(Follow @rsts11travel on Twitter or rsts11 travel on Facebook to get the latest updates, or just follow this blog on WordPress.com.)
Some of our goals for this year are to try out the Waldorf Astoria Las Vegas (which replaced the Mandarin Oriental through a management change in late August 2018), cover some more local travel (parks and beaches in California, for example), provide some more newbie help on credit card and travel rewards optimization, and of course keep up with the latest changes in loyalty programs and benefits.
[Your author Robert here… I was pondering whether this was more soft topics for my tech blog, or travel. I’ll crosspost, since I think it applies to both. And it sat around in my draft folder for about six months, but it’s still valid today.]
I recently dined with my honey at a local chain steakhouse. I’ve been going there as often as weekly for over a decade. We’ve gone less frequently in the last couple of years thanks to Nom Burger, but still once a month give or take.
Their prices have been sneaking up over the years. The dinner for two combo they have has gone from under $40 to $65 as I recall, although coupons still bring it down. Some of the choices have become added-cost items, so if you want a wedge salad, that’s an extra buck, and if you’re lucky it won’t be smaller than it was last month.
But the thing that annoyed me was the 3% “minimum wage surcharge” that was stickered onto the menu and was slapped on the bill.
Slapping customers with your cost of doing business?
When I see a “minimum wage surcharge” or a “health insurance surcharge” on a restaurant bill, it rubs me the wrong way in a big way. It tells me the restaurant would really rather not pay a reasonable (legal) wage, or would rather not provide health insurance (maybe they’d rather have sick employees serving and cooking for customers?).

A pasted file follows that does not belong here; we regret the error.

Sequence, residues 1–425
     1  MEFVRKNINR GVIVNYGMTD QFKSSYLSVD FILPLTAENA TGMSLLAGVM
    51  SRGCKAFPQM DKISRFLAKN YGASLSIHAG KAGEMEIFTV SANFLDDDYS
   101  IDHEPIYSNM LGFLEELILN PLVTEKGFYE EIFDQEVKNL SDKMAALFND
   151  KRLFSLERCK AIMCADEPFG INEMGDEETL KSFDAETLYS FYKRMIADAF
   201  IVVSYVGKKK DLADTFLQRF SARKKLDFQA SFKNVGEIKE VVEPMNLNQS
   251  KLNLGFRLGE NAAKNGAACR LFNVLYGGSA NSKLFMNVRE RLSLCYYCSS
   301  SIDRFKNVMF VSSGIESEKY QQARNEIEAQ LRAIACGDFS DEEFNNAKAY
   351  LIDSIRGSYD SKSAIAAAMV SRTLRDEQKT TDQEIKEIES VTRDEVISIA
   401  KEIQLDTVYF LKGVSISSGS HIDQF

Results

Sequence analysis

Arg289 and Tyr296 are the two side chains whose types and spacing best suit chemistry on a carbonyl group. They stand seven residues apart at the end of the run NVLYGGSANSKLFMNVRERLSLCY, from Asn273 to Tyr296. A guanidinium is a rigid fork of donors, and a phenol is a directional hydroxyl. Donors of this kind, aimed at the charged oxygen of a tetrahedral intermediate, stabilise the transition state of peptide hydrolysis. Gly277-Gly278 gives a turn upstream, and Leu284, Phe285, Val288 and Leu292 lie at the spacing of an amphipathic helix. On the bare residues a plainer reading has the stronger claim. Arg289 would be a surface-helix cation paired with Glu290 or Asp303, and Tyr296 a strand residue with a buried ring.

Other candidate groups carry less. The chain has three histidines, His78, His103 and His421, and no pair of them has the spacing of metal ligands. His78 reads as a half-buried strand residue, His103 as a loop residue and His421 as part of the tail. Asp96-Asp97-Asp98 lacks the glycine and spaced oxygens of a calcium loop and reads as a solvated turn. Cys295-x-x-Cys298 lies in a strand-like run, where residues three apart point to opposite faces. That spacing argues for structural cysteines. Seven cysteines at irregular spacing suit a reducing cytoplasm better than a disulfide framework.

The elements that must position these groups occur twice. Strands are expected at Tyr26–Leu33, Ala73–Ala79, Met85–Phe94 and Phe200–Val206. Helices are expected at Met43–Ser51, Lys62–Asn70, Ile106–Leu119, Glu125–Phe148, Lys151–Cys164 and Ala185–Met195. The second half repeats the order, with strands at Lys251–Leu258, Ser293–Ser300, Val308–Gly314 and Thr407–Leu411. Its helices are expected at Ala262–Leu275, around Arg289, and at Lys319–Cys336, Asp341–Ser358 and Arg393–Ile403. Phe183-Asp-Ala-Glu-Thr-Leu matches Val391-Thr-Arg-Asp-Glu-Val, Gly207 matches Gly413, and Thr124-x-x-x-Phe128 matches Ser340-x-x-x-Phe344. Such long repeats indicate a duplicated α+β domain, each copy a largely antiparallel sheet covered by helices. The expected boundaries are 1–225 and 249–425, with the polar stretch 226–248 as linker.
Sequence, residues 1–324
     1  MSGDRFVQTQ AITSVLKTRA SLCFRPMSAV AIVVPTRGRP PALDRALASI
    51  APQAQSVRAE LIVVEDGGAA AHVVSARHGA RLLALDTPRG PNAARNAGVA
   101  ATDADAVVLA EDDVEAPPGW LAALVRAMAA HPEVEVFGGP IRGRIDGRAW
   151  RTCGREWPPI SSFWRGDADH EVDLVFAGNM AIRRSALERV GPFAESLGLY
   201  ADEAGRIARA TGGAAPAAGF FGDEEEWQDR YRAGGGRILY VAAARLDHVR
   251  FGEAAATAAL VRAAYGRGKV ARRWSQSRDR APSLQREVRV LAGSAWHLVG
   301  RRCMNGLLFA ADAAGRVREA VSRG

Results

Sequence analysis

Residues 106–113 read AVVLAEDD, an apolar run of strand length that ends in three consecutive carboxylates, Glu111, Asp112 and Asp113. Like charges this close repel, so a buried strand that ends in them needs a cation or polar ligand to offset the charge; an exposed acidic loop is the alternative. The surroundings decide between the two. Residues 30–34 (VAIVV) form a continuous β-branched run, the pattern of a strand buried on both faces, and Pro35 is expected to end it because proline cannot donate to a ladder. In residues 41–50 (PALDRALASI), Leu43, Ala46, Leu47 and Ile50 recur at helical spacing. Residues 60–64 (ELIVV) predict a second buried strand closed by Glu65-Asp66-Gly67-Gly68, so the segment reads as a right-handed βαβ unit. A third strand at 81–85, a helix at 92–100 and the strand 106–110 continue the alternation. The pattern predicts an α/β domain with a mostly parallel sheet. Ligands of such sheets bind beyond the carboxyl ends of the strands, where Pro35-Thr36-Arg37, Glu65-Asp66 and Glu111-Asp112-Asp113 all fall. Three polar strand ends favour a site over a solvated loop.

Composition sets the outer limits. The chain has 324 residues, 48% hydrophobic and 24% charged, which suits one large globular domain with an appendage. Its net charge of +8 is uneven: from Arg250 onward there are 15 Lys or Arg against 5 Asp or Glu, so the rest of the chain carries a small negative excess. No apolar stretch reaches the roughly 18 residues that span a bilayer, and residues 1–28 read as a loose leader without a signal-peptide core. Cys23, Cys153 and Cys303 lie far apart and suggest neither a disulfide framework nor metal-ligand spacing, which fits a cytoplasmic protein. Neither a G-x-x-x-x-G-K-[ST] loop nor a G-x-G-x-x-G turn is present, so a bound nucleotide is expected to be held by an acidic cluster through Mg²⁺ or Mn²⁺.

And a separate item could lead to lower tips as well. If you look at the subtotal to calculate the bill, 3% of that amount which is actually part of the cost of business is not included, so you may not think to tip for it. I didn’t think to look at whether the surcharge was taxed… is tax avoidance part of the consideration as well?
It wouldn’t be too hard to add 3% to the menu items themselves. If you were able to reprint the menus for the 5-10% price hike on certain items, you could easily add the 3% in rather than adding a sticker.
You’d also see a bit more money going to the employees you are hesitant to pay fairly or insure too. Sure, 20% of 3% isn’t a lot per cover, but over time it adds up.
It can’t just be surcharges bugging you…
As I pondered this particular sticker, I thought about parallels with fuel surcharges (for shipping and airline tickets) and resort fees (for hotels and, well, resorts).
The fuel surcharges seem similar; given the dynamic nature of pricing for airline tickets, it should be easy to adjust in a close-to-realtime fashion based on actual costs of fuel (or even to buy fuel more than a gallon at a time to absorb market shifts, which I think they do anyway). Shipping costs could be more complicated due to contracts with shippers and agencies.
Resort fees make them all look friendly and nice, of course; $30+/night for wifi and printing boarding passes is a bargain if you’re printing a thousand boarding passes, but more often it’s a great way to fleece customers and get away with false advertising. (Read some thoughts from The Points Guy and KillResortFees.com here.)
If you travel a lot, especially to Las Vegas, you’re accustomed to the resort fees, which as TPG above notes can be more than the room rate itself at cheaper hotels. But first-time travelers, especially those not on company expense accounts, may be disappointed and/or inconvenienced when their $30/night hotel room turns out to be $65+tax. Make it $100 if you have to park a car.
If you as a hotel operator believe that the resort fees reflect anything of actual value, why not either include them in the room rate, or make them optional? Surely all the people who find those services valuable will be happy to pay for them. Myself, I haven’t needed a notary or fax receiving at a Las Vegas hotel, well, ever… and based on Amex Fine Hotels & Resorts credits at several hotels, I know the wifi is worth $5 a day, and I’d pay that happily.